I'm also excited about becoming certified because I'll be able to participate in a wide variety of citizen science programs, including those at the Academy's Naturalist Center. This certification and these programs are part of a growing field of public participation in scientific research (PPSR), in which members of the public engage in the process of scientific investigations:  asking questions, collecting data, and/or interpreting results.

Watch the video below to learn more about the program and be sure to follow the "Green Blog" - it's highly informative and effectively uses stunning visual images.


Serving Science and Society - Under One Living Roof!

California Academy of Sciences

Claude, the Academy's lovable albino alligator.

Although this site reflects my research interests – and by no means represents my employer – I am delighted to feature the California Academy of Sciences, where I recently began working in the development division.

Inside and out, this place is amazing.

The Academy has the deepest coral reef exhibit in the world, a 4-story tropical rainforest, a towering T-Rex skeleton, a colony of African penguins, a fully-immersive digital planetarium, and an albino alligator named Claude, along with 40,000 living animals!

The Academy was founded in 1853 (wow!) and today it supports 46 world-class scientists and hundreds of researchers in 11 fields of study. With over a million visitors annually, each year the Academy's accredited teachers, highly-trained docents and scientists share their knowledge and enthusiasm for the natural sciences with tens of thousands of children, teens, and life-long learners. 

The world's greenest museum.It’s new, living and breathing building in Golden Gate Park opened in 2008 and earned the platinum rating (highest rating possible) for Leadership in Energy and Environmental Design (LEED) and is the largest public building with this rating in the world. This commitment to sustainability extends to all facets of the facility - with a 2 ½ acre living roof, an expansive solar canopy, an extensive water reclamation system, and walls insulated with recycled blue jeans. The building also houses the Academy science labs and administrative offices (shout out to my colleagues in the development division!), including an extensive library and scientific archive consisting of more than 26 million specimens.

The Academy holds a variety of educational events, such as lectures, in addition to many other public programs. For example, the ’Tis the Season for Science events include indoor snow flurries, an igloo presentation dome, special events and daily presentations. Young visitors can also meet “Santa Claude,” the Academy’s lovable alligator.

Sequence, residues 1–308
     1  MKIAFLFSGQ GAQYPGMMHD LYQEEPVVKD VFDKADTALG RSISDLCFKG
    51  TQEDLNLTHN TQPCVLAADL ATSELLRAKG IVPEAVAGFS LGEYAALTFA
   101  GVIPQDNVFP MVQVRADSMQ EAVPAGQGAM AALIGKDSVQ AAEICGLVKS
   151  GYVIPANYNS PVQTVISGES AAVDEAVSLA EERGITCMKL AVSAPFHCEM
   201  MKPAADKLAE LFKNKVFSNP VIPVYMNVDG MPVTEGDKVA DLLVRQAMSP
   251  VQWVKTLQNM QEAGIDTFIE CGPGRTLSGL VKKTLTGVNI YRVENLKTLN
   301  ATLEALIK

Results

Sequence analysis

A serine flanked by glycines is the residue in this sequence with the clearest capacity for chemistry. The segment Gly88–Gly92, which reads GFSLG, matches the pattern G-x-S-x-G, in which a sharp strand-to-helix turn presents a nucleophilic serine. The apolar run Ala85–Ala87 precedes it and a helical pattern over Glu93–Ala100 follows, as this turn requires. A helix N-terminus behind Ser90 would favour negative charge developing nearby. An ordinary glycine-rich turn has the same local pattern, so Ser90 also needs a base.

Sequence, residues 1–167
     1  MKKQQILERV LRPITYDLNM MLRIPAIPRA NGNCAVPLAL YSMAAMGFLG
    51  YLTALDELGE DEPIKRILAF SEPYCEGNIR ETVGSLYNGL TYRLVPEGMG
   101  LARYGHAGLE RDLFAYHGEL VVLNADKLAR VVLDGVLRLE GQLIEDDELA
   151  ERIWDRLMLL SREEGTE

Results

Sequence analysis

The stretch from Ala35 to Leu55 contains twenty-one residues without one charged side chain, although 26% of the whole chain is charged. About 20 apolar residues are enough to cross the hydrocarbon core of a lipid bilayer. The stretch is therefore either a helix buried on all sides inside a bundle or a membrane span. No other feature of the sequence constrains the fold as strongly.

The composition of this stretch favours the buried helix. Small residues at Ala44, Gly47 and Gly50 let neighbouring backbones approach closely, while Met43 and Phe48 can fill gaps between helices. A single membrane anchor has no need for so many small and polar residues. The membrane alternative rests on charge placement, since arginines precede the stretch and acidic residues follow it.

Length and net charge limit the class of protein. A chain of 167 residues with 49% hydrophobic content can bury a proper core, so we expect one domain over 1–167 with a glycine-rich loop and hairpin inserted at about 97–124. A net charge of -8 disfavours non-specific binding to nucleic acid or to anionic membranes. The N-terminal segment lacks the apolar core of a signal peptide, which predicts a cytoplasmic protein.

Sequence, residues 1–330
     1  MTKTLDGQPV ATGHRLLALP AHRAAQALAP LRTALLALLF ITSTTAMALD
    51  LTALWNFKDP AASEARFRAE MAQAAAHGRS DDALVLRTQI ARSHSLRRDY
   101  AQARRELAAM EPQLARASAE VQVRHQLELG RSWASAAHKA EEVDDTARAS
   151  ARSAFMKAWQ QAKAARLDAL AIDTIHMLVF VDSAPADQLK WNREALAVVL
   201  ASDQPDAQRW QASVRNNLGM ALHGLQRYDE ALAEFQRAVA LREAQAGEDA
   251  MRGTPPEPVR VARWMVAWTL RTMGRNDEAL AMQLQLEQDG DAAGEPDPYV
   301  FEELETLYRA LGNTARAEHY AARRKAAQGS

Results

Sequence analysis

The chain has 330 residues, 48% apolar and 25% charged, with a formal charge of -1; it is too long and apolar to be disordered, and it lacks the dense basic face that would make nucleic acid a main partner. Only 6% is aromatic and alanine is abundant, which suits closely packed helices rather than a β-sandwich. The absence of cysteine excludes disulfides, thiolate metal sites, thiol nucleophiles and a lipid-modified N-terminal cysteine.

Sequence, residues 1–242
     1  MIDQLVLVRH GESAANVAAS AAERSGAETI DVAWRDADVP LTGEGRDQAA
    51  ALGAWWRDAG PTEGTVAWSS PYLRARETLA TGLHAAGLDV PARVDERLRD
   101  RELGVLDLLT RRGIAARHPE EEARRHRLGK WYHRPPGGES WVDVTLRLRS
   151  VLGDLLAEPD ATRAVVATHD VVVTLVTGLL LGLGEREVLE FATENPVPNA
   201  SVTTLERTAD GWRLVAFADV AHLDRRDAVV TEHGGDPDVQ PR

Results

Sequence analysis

Each Thursday, the Academy holds an event called Nightlife, where 21+ adults can enjoy music, science, entertainment and cocktails, while experiencing the Academy’s world-class exhibits and having fun with friends. Each weekly installment features something new and different. For example, last week featured chocolate tastings from around the world!

The Academy also has a useful iPhone application: Golden Gate Park Field Guide. I’ve downloaded it regularly use it to navigate my way through the 1,000+ acres of the park. The app highlights the park’s common wildlife, popular attractions, and hidden gems. As an interactive tool, it invites users to engage with the park and by recording and sharing their experiences.

As a donor and nonprofit professional, I can’t think of a better place to serve or a better mission to support. On my first day of orientation, I was thrilled to see that the very first item on the slideshow was a simple and clear mission: to explore, explain and protect the natural world. 

However, as I learn more about the collections, I also understand that the Academy also provides profound insights into human nature. My experiences in the Academy are a reminder that all forms of life are connected, biodiversity is our greatest strength, and that science and society are fundamentally linked.

Friends, I encourage you to visit the California Academy of Sciences to see it with your own eyes. I also encourage you to become a member, to support this unique cultural and scientific institution, volunteer, and spread the word!